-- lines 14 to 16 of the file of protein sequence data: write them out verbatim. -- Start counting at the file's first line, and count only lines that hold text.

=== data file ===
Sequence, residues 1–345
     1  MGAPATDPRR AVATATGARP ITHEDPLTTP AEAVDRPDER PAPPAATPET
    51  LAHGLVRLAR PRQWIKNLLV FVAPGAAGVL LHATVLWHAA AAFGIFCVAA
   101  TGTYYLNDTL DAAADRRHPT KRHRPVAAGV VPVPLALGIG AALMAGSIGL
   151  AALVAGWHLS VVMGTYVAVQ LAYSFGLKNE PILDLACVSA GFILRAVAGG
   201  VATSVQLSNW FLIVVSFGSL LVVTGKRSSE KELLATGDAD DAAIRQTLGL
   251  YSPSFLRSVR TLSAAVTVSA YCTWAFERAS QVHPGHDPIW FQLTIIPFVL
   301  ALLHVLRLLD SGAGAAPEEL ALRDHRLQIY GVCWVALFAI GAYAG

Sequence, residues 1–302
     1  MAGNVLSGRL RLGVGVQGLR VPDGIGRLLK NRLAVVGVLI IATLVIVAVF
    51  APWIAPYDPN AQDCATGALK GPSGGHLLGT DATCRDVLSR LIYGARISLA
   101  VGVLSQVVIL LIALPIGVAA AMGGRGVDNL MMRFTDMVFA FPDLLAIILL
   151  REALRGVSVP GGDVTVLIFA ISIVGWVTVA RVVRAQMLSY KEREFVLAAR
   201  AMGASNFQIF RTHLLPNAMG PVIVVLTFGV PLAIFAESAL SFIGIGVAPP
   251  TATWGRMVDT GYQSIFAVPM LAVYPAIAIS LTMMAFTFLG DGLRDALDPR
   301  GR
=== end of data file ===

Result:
   201  AMGASNFQIF RTHLLPNAMG PVIVVLTFGV PLAIFAESAL SFIGIGVAPP
   251  TATWGRMVDT GYQSIFAVPM LAVYPAIAIS LTMMAFTFLG DGLRDALDPR
   301  GR